When Britney Spears released Perfume last month, the second single off her upcoming eighth studio album, it wasn’t just another thirst quencher for her trusty hordes of fans, which I’m proud to call myself a part of...
Penned partly by Britney herself and with personal lyrics and clean, untreated vocals reminiscent of her Mickey Mouse Club years, it signified a new and unexpected chapter for the singer, who has been the world’s favourite symbol of manufactured pop since her debut in 1999. This was Britney, unfiltered.
For fifteen years, Britney has been a constant in pretty much all pop cultural spheres of the world. With her steady stream of crowd-pleasing hit songs, big-budget music videos and all the personal characterisation that follows, she has become the youngest living legend in entertainment: part idol, part icon, and part myth. But unlike her peers (if, indeed, she has any) Britney has never sought to establish her personality, general views, politics or desires in the public forum. Like her music, and excluding 2007 and 2008, she has been a somewhat inoffensive brand of girlie, sexy sing-along fun. Put on any of her seven albums and you’d have to have an exceptionally cold heart not to see it through to its last track, and although I may be the hypocrite who turns down the volume on my iPod when someone takes the seat next to me on the bus, I still listen to Britney on eighty percent of my cross-London journeys. This is the infectious and addictive quality that’s been the solid foundation for Britney’s relatively stable popularity throughout her fifteen-year career.
Where singers such as Jennifer Lopez, Mariah Carey and Lady Gaga have paired their at times turbulent public images with occasional questionable quality levels when it came to their work, Britney has never released a bad record, received a damning album review, or neglected to live up to the expectations of her fans. There’s not a Britney song on Earth that I don’t like, and I know this goes for all the Britney fans I know – closeted or not. On an almost tragicomic side note, Britney released her most critically acclaimed album to date, Blackout, in the middle of a public meltdown that saw her attack a paparazzo’s car with an umbrella, spontaneously shave her head for all the world to see, and get taken to the hospital strapped to a gurney. (On different days, it should be noted). For all the heat Britney takes for her debatable lack of stage presence, inexistent improvisational skills, and general vagueness in interviews, I think it’s safe to say she’s doing a pretty phenomenal job at being Britney.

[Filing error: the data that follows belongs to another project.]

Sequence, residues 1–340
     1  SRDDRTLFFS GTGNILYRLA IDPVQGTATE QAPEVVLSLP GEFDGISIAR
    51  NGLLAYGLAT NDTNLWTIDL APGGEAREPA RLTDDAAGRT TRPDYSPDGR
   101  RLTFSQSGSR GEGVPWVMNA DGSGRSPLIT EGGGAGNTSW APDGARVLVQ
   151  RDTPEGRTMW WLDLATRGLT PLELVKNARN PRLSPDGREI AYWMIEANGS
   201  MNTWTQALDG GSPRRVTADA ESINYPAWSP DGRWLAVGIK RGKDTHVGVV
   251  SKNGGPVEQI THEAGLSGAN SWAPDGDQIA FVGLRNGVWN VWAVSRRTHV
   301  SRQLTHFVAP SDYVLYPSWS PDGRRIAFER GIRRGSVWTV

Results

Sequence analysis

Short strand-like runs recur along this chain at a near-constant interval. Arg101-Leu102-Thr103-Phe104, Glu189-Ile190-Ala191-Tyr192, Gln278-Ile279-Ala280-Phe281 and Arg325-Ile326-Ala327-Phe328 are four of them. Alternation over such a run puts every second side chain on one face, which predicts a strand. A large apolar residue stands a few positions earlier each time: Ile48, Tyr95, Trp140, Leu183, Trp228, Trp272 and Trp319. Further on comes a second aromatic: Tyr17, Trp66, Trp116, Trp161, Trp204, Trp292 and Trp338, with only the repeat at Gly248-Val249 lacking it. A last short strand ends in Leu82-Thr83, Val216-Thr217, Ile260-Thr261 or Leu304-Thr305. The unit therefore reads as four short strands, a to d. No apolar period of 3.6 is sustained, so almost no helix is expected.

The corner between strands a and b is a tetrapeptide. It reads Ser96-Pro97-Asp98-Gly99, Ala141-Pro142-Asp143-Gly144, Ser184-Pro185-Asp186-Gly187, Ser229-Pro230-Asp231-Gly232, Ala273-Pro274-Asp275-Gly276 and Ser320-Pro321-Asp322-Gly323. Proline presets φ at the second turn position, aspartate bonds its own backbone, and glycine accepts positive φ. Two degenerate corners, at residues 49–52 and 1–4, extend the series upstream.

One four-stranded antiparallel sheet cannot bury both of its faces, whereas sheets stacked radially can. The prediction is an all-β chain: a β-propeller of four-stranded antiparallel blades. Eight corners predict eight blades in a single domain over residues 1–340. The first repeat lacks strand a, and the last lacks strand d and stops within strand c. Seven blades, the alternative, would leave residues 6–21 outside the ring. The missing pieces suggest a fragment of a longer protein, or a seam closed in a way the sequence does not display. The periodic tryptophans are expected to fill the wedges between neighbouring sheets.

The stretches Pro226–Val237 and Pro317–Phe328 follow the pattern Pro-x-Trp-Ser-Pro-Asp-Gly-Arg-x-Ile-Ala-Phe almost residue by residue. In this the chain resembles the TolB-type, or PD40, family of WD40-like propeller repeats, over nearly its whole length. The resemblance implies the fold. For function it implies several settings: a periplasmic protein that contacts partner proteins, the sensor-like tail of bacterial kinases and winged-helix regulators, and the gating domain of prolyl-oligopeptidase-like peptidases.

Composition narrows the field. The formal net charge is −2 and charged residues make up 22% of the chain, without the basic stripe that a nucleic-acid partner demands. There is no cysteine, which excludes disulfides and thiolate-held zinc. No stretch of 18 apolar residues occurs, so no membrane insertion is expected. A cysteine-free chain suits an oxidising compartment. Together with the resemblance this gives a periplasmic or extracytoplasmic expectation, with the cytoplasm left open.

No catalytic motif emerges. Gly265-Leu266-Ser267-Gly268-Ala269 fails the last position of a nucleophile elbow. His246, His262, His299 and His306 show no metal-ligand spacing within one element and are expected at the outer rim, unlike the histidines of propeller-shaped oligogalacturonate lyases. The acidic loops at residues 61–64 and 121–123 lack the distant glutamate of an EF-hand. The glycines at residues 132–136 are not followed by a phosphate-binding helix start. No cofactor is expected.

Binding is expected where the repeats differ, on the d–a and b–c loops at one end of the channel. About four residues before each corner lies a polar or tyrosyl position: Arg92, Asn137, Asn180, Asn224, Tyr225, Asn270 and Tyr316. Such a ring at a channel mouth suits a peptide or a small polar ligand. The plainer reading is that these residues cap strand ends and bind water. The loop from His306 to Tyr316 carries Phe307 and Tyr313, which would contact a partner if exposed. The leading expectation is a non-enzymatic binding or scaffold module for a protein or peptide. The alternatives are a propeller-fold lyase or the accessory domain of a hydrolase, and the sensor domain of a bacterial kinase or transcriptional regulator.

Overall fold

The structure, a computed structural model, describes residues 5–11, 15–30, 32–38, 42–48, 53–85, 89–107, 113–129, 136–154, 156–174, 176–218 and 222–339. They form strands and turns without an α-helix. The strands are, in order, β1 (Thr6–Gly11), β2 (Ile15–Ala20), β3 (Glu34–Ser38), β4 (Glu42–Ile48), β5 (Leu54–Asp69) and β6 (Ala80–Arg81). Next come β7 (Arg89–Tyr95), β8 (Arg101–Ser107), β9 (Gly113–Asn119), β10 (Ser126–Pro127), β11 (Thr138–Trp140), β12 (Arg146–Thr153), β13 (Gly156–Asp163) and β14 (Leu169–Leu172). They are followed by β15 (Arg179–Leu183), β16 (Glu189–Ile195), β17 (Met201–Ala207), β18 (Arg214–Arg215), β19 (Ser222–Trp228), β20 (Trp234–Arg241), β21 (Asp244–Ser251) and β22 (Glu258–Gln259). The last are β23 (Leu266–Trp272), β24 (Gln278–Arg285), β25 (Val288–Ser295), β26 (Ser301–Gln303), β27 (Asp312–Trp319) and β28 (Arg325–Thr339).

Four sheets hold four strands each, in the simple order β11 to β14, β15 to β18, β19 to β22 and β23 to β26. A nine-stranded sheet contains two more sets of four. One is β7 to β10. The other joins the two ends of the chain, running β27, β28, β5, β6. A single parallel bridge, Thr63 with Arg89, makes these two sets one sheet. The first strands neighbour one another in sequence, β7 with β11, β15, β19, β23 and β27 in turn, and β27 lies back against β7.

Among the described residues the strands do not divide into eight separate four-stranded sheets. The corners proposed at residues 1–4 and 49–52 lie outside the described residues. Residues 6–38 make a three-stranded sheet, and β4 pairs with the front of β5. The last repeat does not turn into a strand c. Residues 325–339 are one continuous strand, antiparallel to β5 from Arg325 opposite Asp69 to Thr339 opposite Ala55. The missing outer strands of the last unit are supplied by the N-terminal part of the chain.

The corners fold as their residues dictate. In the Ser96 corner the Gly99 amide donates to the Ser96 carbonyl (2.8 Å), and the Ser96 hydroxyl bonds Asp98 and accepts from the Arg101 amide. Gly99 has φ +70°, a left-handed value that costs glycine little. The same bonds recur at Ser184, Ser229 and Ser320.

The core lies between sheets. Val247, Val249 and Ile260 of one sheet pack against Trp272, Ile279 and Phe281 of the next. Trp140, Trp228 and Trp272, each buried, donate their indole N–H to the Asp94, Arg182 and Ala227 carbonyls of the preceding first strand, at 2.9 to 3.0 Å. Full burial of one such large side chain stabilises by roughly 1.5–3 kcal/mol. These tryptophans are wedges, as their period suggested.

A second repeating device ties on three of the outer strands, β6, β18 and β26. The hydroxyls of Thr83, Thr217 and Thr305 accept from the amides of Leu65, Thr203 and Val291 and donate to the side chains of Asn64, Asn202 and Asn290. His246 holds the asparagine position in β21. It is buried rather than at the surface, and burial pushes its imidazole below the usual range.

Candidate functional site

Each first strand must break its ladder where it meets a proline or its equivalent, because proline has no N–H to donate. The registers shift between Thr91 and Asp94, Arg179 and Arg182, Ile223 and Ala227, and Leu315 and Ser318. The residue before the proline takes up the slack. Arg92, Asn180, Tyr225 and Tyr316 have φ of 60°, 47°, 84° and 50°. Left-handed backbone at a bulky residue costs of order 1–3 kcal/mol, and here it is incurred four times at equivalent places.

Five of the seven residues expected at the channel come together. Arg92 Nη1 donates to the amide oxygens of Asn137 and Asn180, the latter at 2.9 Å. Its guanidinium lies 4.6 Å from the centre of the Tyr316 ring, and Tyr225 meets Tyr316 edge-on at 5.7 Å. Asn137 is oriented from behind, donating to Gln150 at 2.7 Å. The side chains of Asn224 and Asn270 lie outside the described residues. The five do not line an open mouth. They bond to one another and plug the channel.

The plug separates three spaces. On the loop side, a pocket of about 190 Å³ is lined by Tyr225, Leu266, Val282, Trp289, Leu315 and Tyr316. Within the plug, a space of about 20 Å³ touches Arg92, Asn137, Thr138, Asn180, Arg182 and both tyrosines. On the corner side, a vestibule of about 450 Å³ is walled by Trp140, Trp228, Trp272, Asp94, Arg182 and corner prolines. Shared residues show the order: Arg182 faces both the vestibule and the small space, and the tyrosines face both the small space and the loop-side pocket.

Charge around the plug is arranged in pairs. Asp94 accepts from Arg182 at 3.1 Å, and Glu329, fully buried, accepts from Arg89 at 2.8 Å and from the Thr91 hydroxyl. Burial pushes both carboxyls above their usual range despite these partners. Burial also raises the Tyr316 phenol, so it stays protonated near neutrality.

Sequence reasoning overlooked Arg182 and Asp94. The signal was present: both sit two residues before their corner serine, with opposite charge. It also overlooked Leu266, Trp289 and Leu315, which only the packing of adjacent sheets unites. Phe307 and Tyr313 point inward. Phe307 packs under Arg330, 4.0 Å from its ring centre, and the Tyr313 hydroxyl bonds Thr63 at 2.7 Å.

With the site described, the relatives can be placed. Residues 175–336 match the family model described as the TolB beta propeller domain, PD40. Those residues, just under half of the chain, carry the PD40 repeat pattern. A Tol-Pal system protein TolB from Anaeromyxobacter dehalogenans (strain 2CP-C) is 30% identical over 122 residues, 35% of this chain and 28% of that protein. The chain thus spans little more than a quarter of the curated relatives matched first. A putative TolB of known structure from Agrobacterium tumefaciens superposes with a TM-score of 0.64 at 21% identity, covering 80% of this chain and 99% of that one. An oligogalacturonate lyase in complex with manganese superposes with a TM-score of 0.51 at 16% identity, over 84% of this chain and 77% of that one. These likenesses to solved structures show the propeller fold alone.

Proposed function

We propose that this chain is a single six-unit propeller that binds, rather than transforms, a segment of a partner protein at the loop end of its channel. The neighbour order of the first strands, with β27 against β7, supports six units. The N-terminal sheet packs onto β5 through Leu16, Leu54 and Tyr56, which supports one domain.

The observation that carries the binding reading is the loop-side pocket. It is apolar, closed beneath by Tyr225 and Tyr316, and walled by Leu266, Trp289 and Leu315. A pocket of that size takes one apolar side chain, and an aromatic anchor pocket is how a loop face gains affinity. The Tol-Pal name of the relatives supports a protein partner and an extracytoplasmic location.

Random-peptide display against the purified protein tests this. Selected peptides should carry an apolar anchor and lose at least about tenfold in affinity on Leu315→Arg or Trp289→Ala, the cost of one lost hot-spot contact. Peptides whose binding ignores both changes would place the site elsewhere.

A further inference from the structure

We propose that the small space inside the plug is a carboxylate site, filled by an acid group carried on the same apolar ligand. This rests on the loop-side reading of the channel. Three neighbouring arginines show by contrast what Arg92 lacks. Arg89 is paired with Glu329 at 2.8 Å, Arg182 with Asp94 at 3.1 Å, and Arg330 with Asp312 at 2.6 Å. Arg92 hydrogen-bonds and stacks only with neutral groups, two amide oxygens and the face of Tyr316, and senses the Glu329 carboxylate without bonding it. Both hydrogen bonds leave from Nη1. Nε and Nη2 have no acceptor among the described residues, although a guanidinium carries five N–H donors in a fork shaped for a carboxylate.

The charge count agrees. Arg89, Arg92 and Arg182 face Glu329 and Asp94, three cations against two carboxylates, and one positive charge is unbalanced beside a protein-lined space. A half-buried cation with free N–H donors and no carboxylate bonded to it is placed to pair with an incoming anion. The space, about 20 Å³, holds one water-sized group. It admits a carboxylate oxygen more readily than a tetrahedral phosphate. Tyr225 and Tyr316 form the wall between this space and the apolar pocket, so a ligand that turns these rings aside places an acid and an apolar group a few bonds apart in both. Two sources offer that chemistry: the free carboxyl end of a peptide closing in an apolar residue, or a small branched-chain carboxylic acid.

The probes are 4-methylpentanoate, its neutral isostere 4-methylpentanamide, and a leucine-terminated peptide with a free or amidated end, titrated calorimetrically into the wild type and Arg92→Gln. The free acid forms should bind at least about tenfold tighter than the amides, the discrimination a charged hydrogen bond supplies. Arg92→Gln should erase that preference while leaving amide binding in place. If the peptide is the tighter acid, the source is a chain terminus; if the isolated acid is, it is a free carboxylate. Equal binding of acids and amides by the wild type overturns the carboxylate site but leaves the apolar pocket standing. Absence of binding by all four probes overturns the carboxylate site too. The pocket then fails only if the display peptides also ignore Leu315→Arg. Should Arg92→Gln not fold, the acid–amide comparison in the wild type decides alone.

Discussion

Sneer at the naivety of the lyrics to her new single as much as want, say she doesn’t have a big voice, and that her producer probably did most of it for her, but Perfume is the closest we’ve ever got to the core of the real Britney, or at least since Everytime from 2003. If the innocence and the sparkle in the eye that defined her fifteen years ago somehow disappeared along the way, a truer and realer (#triller?) Britney seems to be making her return – or her debut, depending on how you look at it. To me, Perfume implies the first step in what could be Britney’s evolution into a more multi-dimensional performer, who isn’t just the pop poppet of a well-oiled money machine of record producers, marketing people and other mean money men.
Could she, like Madonna before her, eventually take full control of her lyrics and music and use her colossal platform for raw personal expression, social awareness and all-important provocation? And if she did, what kind of person would she be? Because as mind-blowing as it sounds, this hugely famous pop star, who’s been a household name symbol of the post-internet generation for the past fifteen years, is essentially a total stranger to us – even for fans like me, who’ve grown up with her since we were teenagers. Do we know what Britney’s political conviction is? Do we know if she even has one? And would we want her to? For a 31-year-old, who’s only in the early summer of her career, there’s a striking blank canvas on which to build. As a fan of fifteen years, there’s nothing I want more than for her to finally embrace it.